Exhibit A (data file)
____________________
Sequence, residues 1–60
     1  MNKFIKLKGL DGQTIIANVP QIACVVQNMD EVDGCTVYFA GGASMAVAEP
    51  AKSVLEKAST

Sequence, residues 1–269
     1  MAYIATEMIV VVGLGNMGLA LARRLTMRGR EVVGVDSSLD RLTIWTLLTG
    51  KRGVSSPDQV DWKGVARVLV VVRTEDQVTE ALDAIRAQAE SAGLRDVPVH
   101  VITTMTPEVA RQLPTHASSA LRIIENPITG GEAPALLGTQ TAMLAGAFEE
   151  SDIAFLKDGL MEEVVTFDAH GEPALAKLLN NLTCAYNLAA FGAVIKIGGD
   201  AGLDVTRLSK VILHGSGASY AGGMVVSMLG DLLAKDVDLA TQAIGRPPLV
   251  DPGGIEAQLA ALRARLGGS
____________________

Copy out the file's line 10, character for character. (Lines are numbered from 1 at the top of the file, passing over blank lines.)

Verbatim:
   251  DPGGIEAQLA ALRARLGGS